I’ve recently returned from the Association for Size Diversity and Health (ASDAH) Conference and I’m reflecting on all I’ve learned. I’ve wanted to share and further explore Substantia Jones’ keynote, “Fat Visibility Through Photography: the Who, the How, and the Hell Yeah.”
Jones is a photographer, a “Fat Acceptance Photo-Activist,” and the proprietor of the Adipositivity Project. She started Adipositivity in 2007 to “promote the acceptance of benign human size variation and encourage discussion of body politics” by publishing images of women, men, and couples in larger bodies. Substantia is passionate about the fact that fat people don’t see a balanced representation of themselves in the media—as she says, “Humans need visibility. Positive and neutral visibility is being denied to fat people.”
So many of the media images we see of larger-bodied people portray them in negative and stereotyped ways: unkempt, unhappy, eating fast food, and often headless—as if they are ashamed to show their faces. At the same time, the range of body types provided by media images does not really represent most bodies. The media typically culls the thinnest or fittest sliver of the population and then proceeds to photoshop the images of these bodies. According to the Body Project, “Only 5% of women have the body type (tall, genetically thin, broad-shouldered, narrow-hipped, long-legged and usually small-breasted) seen in almost all advertising. (When the models have large breasts, they’ve almost always had breast implants.)”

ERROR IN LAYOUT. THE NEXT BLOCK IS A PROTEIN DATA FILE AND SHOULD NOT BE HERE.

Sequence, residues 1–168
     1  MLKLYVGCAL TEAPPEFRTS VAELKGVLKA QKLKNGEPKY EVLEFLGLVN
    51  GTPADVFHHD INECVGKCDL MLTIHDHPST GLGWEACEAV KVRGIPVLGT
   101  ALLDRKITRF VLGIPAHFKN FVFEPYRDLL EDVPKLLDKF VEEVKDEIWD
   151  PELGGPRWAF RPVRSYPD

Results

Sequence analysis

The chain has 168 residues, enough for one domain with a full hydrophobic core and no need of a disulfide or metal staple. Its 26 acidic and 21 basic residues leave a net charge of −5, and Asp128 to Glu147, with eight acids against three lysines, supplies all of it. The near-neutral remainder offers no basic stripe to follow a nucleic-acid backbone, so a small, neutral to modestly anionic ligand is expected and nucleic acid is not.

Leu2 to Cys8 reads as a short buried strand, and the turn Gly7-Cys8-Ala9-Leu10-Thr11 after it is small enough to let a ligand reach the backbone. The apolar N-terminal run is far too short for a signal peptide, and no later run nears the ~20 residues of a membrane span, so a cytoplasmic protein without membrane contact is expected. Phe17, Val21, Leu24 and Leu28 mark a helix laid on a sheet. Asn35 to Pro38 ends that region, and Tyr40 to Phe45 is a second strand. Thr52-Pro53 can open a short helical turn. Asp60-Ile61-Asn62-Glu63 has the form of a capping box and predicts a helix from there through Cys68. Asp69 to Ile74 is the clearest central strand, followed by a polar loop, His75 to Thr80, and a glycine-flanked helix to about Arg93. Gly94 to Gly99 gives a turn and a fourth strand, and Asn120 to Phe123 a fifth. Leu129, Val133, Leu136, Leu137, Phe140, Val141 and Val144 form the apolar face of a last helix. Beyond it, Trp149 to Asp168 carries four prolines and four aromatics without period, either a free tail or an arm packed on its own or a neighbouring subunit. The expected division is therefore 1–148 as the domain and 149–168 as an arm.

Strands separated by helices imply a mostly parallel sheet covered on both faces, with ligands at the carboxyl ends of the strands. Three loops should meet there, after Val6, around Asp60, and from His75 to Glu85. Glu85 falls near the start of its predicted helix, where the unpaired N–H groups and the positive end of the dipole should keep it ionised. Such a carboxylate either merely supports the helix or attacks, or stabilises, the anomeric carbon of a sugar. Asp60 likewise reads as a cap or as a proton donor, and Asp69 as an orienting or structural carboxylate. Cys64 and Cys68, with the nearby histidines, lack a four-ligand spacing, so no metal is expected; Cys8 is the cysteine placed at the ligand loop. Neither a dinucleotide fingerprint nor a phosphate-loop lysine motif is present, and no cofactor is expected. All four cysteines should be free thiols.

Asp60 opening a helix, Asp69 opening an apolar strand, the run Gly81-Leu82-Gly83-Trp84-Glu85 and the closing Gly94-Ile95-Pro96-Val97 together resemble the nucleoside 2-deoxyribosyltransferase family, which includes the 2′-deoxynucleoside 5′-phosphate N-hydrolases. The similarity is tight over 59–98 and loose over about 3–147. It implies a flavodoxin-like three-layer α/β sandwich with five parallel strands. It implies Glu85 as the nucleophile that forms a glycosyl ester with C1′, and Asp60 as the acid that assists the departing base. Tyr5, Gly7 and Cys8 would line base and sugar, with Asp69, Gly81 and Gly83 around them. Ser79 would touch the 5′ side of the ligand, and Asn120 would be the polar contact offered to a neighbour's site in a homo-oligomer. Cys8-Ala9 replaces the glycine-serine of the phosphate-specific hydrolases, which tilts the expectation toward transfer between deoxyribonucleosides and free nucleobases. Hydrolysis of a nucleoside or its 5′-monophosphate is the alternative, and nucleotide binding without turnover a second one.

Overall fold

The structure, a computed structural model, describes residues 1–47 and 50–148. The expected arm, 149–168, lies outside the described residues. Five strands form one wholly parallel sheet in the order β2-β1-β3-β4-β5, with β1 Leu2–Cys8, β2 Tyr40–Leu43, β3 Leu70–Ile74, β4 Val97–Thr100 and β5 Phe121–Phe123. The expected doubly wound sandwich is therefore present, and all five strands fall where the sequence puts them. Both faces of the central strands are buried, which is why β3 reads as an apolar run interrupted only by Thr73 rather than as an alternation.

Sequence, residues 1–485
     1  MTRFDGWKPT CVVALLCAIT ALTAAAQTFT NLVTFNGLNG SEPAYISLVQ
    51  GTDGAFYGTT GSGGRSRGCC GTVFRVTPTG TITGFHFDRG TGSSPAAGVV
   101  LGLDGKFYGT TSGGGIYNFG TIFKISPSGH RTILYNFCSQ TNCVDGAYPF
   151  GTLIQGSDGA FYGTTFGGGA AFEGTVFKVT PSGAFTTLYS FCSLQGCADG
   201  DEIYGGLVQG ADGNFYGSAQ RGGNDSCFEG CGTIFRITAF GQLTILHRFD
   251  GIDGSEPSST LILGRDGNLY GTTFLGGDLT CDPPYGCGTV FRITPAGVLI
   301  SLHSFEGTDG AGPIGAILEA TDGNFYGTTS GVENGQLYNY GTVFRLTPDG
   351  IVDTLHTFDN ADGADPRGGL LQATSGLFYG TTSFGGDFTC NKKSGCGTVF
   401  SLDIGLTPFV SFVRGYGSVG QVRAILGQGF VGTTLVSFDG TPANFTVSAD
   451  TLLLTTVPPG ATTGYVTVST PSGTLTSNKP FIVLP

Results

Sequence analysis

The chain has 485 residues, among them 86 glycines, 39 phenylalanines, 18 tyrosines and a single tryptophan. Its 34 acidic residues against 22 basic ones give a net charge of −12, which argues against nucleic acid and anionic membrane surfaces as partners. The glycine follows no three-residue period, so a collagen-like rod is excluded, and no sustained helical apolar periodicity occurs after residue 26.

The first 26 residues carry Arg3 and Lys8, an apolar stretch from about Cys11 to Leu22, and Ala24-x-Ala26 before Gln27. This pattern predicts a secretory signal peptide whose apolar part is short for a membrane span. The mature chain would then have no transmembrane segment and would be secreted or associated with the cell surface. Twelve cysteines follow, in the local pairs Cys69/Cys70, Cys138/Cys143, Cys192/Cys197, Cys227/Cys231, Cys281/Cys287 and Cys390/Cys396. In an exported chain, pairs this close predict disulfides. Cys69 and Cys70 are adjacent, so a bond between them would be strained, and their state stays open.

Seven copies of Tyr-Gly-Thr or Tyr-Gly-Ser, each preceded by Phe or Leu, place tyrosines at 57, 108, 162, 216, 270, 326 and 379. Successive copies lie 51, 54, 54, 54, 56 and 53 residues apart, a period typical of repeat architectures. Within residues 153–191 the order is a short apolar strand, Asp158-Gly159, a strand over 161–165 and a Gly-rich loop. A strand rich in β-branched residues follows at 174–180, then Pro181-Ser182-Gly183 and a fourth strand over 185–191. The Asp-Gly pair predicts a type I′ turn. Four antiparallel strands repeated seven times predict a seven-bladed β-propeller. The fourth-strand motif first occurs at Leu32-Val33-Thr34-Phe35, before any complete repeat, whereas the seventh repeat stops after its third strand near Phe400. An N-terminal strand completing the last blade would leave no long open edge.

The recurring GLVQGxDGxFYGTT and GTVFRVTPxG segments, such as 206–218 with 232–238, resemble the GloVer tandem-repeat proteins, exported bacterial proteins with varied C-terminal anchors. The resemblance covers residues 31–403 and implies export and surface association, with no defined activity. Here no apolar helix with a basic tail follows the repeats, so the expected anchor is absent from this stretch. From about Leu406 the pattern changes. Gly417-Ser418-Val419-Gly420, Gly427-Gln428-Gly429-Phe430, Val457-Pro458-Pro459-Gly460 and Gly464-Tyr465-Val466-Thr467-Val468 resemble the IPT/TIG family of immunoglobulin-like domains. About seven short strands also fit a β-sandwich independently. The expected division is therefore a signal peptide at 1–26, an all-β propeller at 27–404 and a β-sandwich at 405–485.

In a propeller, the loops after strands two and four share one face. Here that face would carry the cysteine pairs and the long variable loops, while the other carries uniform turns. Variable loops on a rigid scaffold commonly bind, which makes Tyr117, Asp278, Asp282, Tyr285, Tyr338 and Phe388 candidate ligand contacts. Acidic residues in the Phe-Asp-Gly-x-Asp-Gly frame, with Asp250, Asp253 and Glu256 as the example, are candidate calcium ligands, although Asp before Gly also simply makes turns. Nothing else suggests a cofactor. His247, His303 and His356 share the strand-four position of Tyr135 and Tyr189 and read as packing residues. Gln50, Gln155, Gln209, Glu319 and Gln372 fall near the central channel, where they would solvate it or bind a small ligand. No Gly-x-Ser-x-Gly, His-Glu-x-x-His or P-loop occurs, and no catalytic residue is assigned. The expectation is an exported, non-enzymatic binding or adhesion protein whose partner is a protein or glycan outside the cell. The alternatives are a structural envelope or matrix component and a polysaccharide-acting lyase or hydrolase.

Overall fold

Representation of Larger People in Photos
In September 2009, Glamour included a photo of Lizzie Miller, a model who is a size 12-14. The photo showed Lizzie nude and looking joyful while displaying a roll of belly fat. The response was overwhelming—American women were thrilled to see a woman who looked more like them and was happy to boot.
While this was groundbreaking, the average American woman is a size 16. So where are the images of the upper half of the weight spectrum? It should be noted that it is not only larger bodies that are marginalized. Mainstream media often fails to portray other diverse bodies. These include bodies that are darker-skinned, disabled, aging, and gender diverse.
It is important that people with larger bodies–especially those in eating disorder recovery–see images of people that look like them. It is also important for all people to broaden their aperture on what people should look like. This includes viewing images of fat people who are happy, sexy, desired, and beautiful and engaging in all the activities that make up a fulfilled life.
We–and our peers working from a Health at Every Size(R) approach–can confirm the therapeutic value of seeing attractive images of larger-bodied people. Unfortunately, these images can still be hard to find. One must look outside of the mainstream media. With that in mind, I thought it would be useful to provide resources for beautiful, artful photos of people living in larger bodies.
Fat Positive Photographers
During her keynote, Substantia shared photos from several of her favorite fat-positive photographers, including those that inspired her. Below I list some of the photographers she shared and where to find their photos and information about them.